Periodically I’d like to update you on some patients we’ve talked about in previous posts.
Dutchess, the older dog with gum disease and two lumps that needed removal (original post here) arrived for her procedures today. As we were performing two soft tissue surgeries and dental prophylaxis all in the same day we needed extra insurance against infection, so we gave her a Convenia injection with her other preanesthetic medications. Doing so will give her a full two weeks of antibiotic therapy without her owners having to deal with oral antibiotics in pill or liquid form.
All three procedures went fine. My preference is always to perform the cleanest and most difficult steps of any surgery first, so I removed the enlarging growth by her tail. It turned out to be more difficult than I first thought, but the best news was that the growth was encapsulated. Encapsulation describes a process the body uses to put a fibrous tissue “coat” around a growth, which usually confines it to inside the “coat.” A growth may get larger inside the capsule, but it usually doesn’t rupture through the capsule to the outside. Also, encapsulated growths are typically less aggressive than non-encapsulated ones.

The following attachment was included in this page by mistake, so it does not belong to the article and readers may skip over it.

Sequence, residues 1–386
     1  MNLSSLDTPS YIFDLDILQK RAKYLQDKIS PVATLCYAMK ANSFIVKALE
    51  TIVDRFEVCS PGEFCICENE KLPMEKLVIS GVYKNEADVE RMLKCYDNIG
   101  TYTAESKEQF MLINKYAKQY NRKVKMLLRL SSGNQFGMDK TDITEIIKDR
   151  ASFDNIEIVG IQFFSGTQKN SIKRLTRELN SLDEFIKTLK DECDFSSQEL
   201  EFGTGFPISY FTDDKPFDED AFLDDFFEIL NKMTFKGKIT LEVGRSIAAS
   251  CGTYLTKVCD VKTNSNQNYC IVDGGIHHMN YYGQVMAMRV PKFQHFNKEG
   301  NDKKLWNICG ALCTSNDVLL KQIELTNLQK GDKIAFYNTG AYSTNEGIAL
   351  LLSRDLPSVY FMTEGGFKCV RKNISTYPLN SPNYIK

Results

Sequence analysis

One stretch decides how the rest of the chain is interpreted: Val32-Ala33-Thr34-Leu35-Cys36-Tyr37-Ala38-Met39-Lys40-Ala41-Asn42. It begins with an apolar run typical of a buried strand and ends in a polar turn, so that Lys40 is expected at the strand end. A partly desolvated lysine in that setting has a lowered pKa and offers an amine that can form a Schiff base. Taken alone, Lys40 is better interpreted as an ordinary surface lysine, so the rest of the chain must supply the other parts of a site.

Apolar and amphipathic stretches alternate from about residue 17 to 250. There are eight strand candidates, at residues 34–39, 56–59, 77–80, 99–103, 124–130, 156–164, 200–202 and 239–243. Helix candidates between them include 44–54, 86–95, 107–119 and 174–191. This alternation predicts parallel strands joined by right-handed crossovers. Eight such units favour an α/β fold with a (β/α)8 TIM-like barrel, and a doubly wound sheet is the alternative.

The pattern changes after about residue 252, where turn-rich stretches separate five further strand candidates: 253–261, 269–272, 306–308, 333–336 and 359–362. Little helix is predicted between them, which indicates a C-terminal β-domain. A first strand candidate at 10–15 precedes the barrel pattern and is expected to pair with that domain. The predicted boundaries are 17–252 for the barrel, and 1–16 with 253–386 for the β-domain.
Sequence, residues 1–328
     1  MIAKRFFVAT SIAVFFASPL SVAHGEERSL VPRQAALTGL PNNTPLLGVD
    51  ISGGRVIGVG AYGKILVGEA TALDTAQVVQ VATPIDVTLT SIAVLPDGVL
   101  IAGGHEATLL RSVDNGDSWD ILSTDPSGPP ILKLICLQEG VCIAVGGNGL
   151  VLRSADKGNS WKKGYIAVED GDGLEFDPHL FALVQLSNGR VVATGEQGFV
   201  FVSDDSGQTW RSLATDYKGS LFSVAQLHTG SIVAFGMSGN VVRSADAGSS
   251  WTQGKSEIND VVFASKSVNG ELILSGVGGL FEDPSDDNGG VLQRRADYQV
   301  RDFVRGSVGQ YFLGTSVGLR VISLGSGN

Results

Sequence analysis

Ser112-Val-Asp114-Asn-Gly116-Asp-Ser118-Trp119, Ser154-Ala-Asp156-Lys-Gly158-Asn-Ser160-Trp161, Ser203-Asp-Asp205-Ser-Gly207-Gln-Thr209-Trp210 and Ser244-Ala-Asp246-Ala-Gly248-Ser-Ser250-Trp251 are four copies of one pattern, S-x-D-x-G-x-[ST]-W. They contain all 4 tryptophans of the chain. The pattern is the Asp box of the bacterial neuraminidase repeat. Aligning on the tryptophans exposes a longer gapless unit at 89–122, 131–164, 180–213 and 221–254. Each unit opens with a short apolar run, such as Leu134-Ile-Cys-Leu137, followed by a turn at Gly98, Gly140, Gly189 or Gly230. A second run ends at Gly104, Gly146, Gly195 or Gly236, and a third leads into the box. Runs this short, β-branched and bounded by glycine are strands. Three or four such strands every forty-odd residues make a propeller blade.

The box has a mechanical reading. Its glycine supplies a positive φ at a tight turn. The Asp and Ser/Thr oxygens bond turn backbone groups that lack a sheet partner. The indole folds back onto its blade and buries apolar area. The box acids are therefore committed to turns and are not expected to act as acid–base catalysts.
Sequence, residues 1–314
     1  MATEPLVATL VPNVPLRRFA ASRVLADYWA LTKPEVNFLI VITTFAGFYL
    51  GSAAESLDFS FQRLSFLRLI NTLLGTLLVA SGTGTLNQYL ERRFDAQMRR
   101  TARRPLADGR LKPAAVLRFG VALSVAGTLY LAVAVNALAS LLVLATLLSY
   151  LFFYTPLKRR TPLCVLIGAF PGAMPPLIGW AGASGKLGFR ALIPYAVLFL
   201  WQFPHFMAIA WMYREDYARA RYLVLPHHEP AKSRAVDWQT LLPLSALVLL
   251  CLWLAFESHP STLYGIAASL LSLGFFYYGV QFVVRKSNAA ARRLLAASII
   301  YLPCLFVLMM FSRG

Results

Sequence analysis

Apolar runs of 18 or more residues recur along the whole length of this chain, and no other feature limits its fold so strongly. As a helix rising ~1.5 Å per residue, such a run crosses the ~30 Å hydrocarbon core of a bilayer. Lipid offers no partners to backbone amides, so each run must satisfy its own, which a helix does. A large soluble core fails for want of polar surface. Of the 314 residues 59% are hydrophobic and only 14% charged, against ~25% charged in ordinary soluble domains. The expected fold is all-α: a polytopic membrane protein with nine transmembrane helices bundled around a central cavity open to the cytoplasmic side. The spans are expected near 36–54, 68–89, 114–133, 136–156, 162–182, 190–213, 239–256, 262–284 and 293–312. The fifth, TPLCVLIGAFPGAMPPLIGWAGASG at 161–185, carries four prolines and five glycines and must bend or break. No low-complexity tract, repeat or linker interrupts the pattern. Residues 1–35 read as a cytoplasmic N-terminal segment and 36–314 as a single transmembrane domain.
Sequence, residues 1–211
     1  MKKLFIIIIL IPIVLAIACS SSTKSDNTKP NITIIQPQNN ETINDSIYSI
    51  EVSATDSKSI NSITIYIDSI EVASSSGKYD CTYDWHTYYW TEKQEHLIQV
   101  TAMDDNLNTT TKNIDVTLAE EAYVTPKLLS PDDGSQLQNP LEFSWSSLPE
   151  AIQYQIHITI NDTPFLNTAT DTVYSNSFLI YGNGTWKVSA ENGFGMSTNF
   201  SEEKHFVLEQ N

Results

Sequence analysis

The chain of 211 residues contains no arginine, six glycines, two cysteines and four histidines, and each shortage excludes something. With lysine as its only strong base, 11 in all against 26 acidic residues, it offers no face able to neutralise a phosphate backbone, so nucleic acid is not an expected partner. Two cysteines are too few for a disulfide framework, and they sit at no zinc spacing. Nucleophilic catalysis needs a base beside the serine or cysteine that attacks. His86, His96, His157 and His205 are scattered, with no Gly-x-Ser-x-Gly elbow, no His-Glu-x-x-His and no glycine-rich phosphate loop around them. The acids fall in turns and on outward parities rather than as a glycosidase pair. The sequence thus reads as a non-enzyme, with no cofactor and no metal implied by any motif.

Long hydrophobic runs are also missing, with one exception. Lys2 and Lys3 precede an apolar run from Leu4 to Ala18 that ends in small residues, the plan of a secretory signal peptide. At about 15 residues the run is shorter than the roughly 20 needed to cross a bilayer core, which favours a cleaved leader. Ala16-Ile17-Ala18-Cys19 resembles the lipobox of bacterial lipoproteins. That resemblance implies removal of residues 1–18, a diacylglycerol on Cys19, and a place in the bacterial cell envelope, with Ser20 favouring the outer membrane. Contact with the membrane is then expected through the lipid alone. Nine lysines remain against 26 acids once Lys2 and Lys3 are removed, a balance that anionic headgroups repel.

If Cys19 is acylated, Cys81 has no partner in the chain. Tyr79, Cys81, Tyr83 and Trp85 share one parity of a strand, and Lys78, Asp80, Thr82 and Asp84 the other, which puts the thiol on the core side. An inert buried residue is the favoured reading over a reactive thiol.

We have sent the large growth to a pathologist so that he may perform histopathology: section it, stain the sections and look at it under a microscope to determine its exact nature.
Next I removed the small growth in the middle of her back. It had the typical appearance of a wart, so we didn’t submit it for histopathology.
The dental scaling and polishing went without surprise. We knew prior to the procedure that Dutchess had one loose tooth that would need removal, and we were unsurprised when two additional ones succumbed to gum disease. In fact, Dutchess has gum disease adjoining many teeth, so her owners’ brushing of her teeth and keeping those gum pockets clean will be crucial to avoiding additional tooth loss.
See you tomorrow, Dr. Randolph.